Hiking with the tides is a very interesting component of a coastal hike. Depending on how much time you have, it can allow for a leisurely hike compared to others, since you are at the mercy of the tide charts so you can’t always go as far as you’d like in a day.
The tide can trap you! Do not attempt to round headlands without knowledge of the tide heights and times. Along the ocean, rising water can corner you below cliffs.
The first thing to consider when planning your hike on a coastal trail are the intertidal zones. Parts of the trail may be impassable during high tide. This speaks to the unique experience the coast trail gives the hiker, but it is also a dangerous aspect.
Do not attempt to hike when the trail is washed in water. People have died along the coast trying to beat the tide. Some headlands require low tides for passage. Some can NEVER be rounded safely even at the lowest tides, so overland routes must be taken.
There is plenty of time to swim and rest while waiting for the tide to change. Along the shore maybe many spots to wade into the shallow water and explore. You'll probably get very wet, so dress accordingly. On most beaches just after high tide can be the best time to go into the water. The currents will slow down for a while.
Always keep in mind that waves can move beach logs, which can crush and kill. Strong currents, cold water, and hidden rocks make swimming hazardous. Be vigilant for large swells. Never underestimate the ocean.
Before traveling along the coast, obtain a detailed topographic map. Your map should indicate areas where tides may be a problem, and the tidal height at which headlands become hazardous or impossible to round.
Tide charts are available at some ranger stations. It is imperative to use the tide chart and time your hike accordingly. Head for the impassable zones when the tide is going out. Because of this, you may have to hike the coast trail at odd hours.
DON'T GUESS! Know when tides occur and carry a watch. Refer to tide charts before setting out on longer coastal hikes. On the same low tide, it may be possible to get around one headland but not the next.
Strong winds can make tides higher than tide charts indicate, sometimes flooding normally passable routes. Winter storms can significantly elevate tides and create seriously hazardous conditions.
Tide charts give the time and height of morning and evening high and low tides in good weather. Look over your map for the route you will follow. Note any locations where you see the words "Danger," "Caution," or "Go round at low tide." If your map does not include this type of information, obtain a map with those references.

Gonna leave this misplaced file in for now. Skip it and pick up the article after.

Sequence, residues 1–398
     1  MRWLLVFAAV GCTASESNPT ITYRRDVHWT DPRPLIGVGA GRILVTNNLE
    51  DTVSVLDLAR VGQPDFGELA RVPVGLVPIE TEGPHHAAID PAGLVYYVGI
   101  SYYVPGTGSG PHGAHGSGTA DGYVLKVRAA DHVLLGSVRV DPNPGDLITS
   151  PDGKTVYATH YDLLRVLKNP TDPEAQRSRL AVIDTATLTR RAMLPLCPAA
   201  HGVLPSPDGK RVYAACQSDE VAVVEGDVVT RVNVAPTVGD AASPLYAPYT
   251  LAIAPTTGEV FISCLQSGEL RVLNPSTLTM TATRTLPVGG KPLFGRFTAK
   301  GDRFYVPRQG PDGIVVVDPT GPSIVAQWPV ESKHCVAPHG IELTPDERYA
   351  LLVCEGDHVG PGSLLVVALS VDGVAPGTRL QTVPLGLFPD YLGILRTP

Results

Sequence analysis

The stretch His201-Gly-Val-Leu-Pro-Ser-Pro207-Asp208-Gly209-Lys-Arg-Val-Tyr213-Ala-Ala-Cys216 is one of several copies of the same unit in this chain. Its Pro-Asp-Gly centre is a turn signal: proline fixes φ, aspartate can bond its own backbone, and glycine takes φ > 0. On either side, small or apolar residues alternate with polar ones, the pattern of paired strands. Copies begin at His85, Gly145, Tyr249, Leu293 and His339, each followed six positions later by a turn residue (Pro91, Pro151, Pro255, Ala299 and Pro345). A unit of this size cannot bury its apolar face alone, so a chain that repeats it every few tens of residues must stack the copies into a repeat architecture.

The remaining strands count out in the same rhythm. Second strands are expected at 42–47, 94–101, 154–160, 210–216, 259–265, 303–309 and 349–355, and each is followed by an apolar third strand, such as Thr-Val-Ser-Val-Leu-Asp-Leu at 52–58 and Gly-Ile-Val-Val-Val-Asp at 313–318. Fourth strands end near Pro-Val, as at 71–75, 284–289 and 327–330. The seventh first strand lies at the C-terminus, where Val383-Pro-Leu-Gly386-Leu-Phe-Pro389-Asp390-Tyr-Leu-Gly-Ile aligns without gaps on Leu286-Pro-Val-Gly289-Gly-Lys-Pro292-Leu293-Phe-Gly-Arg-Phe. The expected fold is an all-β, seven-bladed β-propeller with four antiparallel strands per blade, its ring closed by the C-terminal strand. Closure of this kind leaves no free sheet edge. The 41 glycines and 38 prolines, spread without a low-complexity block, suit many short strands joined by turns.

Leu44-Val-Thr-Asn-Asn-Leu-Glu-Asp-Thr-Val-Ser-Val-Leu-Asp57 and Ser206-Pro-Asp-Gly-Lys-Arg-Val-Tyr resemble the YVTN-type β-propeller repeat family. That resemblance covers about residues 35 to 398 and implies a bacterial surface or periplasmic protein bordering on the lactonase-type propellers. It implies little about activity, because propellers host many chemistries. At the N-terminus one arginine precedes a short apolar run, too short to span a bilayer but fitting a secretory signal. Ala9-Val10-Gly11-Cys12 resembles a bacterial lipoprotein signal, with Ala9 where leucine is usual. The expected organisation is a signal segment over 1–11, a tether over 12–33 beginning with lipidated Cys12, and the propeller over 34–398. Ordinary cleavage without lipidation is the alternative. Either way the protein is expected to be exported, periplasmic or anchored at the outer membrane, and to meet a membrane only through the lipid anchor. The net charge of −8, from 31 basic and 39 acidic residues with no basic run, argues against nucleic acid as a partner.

See the map key for definitions of hazards. They will vary between maps.
"Danger" usually means that a headland cannot be rounded at any time by walking on the beach.
"Caution" usually suggests a low tide height below which it may be safe to round headlands.
Check the time and height of the two low tides for the day you will be hiking. Note that occasionally there may be only one low tide per day. The safest time to round headlands is within one to two hours before low tide. Rounding a headland on an incoming tide can be dangerous.
Transportation is another consideration when planning your hike. Smart people choose to team up and leave one vehicle at the trailhead and another at the other end.
Some coastal hotels or hostels have shuttles available
which drop you off at the trailhead from where you head back to your accommodation
and finish your hike with a resfreshing swim in the sea.
A warm shower awaits you to rinse your wet clothes from salt and sand.
In the summer it rains a lot on the west coast where we live. We hike through the woods, lakes and streams, and along the tidal zones of the coast. Open water swimming can be exciting, exhilarating and it gives us a huge sense of achievement. Getting wet is just part of the trek.
The main points for us are that nothing is perfect, and staying 100% dry isn’t feasible in most rainy weather. From experience we know that we'll get very wet during our adventures, so we prepare for it and have a great time in the rain.
For most outdoor activities, like hiking, running, canoeing or swimming, we wear some kind of rain clothes, usually long cagoules, anoraks, hiking capes or ponchos. When it's warm we get soaking wet in cargo pants and hoodies.
We found a pool that lets us swim in clothes as long as they are only used for swim training. No problem. We bought rain pants, fleece tops, sports shirts, and a variety of cagoules and hiking capes with sleeves just for the pool training.
Twice a week we go to the pool. Before we jump in, we shower in our sports clothes, then put the rain clothes on. Our sessions include a lot of jumping in and climbing out to get fit. Not easy in all the wet clothes, but huge fun and very healthy.